How to write about war

Somebody had left many boxes of books on the sidewalk on 76th Street between Fifth and Madison, and as Susana and I were walking back from our run in Central Park we stopped and scooped up a bunch. One was a very famous war novel that I had never heard of until our friend Hazel in Carboneras urged it upon us, Sebastian Faulks, Birdsong (London: Hutchinson, 1993). Another was a collection of short stories by Saki, pen name of Hugh Munro, whom I remembered from the delightful, chilling surprise of reading "The Open Window" long ago in high school.

I don't know how I had missed Birdsong -- a quick search on the 'net revealed that it has been a best-seller, there's been talk for years about a movie, and it has even inspired tours of the battlefields that figure in it. It really is a gripping read, especially those horrifying scenes from the trenches of France in 1916 and until the end of the Great War two years later. These are preceded and then intertwined with a kind of love story -- though "love" is an imprecise description for British infantry officer Stephen Wraysford's obsession with a vacuous, self-centered and dimly remembered Frenchwoman. No matter. Even the flightiest characters (including Stephen's Isabelle) are depicted convincingly. There is also a later story, set in 1978-79, about Stephen's granddaughter's search for mature independence and information about that grandfather. All of it clearly and sensitively related, though it is only the two terrible bloody years in France that really matter. Faulks has chosen to remind us of this war which (as his characters say and almost all real-life contemporaries said over and over) unleashed destructive forces so much greater than its predecessors -- including the cruel and bloody Boer, Russo-Japanese, and Balkan wars that immediately preceded it -- that it changed the world.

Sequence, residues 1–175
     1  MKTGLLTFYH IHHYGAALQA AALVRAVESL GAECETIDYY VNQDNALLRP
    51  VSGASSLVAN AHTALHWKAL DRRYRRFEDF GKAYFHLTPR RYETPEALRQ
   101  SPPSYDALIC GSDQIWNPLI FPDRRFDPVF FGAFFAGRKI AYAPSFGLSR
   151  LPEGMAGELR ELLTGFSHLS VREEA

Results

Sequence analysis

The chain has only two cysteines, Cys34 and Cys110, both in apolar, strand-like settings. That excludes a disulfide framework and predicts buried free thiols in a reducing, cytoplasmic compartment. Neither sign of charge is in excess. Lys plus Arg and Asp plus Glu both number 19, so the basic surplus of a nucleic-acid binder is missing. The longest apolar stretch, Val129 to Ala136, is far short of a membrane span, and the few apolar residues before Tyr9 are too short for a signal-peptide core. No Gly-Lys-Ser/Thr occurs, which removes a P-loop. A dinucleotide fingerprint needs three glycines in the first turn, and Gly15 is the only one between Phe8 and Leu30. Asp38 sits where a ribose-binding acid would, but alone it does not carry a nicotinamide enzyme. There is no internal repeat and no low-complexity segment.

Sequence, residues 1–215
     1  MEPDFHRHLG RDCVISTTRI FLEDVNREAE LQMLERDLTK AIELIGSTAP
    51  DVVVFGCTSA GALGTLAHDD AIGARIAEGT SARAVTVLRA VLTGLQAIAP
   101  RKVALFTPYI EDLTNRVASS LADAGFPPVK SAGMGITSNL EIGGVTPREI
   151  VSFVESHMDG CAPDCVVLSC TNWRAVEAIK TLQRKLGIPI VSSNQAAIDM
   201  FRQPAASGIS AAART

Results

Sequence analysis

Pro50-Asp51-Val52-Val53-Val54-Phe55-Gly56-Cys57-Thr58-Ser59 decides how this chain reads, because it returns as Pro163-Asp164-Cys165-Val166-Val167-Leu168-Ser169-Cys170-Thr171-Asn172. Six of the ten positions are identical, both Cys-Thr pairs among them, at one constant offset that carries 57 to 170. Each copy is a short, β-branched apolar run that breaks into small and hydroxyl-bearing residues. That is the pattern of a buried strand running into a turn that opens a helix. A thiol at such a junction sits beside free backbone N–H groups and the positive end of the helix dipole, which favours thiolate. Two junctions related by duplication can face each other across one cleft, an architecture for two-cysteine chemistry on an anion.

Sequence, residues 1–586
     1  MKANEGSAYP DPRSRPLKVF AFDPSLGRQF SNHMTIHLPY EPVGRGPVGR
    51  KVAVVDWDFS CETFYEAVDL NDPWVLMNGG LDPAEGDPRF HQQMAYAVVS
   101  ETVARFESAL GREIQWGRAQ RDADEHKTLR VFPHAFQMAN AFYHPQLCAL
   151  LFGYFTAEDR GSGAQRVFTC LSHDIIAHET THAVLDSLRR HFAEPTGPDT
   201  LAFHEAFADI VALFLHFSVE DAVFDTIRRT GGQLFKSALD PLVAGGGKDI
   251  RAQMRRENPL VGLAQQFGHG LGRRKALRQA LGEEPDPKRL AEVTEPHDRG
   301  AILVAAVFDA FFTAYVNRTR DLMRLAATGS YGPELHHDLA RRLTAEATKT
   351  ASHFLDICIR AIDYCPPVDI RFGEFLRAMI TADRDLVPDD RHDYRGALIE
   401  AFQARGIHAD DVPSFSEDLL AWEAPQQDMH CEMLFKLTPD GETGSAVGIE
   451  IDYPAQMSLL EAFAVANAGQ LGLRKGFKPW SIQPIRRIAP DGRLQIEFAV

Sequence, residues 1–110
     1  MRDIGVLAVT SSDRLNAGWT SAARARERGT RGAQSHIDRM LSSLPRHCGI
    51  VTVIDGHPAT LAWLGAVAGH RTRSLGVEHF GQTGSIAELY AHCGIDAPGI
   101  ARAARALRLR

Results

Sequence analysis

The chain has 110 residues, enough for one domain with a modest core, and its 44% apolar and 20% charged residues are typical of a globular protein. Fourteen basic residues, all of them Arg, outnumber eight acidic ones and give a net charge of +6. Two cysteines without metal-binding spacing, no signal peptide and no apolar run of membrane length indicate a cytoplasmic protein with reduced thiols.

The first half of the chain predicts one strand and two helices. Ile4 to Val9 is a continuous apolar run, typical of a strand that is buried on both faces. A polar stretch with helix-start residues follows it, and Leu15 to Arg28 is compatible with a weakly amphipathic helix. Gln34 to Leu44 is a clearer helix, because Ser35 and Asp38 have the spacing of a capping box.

So it seemed an odd coincidence to find in the same serendipitous heap of books on the sidewalk of 76th Street the short, poetic piece, "Birds on the Western Front," in Emlyn Williams' 1978 edition of Saki's Short Stories.

The other stories here (there are about 60 in the book, a small sample of Saki's voluminous output) are mostly clever, extended jokes, playing on and confirming a public school Briton's class prejudices. They are often annoyingly sexist, in the light, silly manner of situation comedy. In fact, what gives pleasure in reading Saki is the absurd situations leading to startling outcomes (as in "The Open Window"). The characters are simply caricatures, and they all talk alike, however devious their intentions. But-- "Birds on the Western Front" is something else.

The frivolous, supercilious Saki was perhaps a cover for a somewhat more serious Hugh Munro, foreign correspondent (1902-1906) and author of serious-sounding tomes on Russian history and the pre-1914 turbulence elsewhere in Europe. In 1916, at the age of 46 (rather old to serve), he joined the British Army (Royal Scottish Fusileers) and was soon killed in a trench in France. "Birds", which must have been written just weeks or months before his death, ingeniously describes trench warfare without looking at it directly. Instead, it is about the birds whose natural habitat has been destroyed by cannonade, bombs and machine-gunning, but still must find some scrap of something for nesting and carrying on the only life they know. This is a marvelously effective denunciation of the war, still fresh even after the angry sentimentality of Wilfred Owen's “Dulce et Decorum Est” has begun to grate.

I wonder if Faulks was thinking of this short piece by Saki when he chose the title "Birdsong." If so, then maybe what he meant to suggest (with Saki) was that even through the worst horrors, life persists.

Here is my plot summary of and further comment on Birdsong, and rather less on Emlyn Williams' edition of Saki's Short Stories.

Photo of Ancre (France) after the battle from this website.

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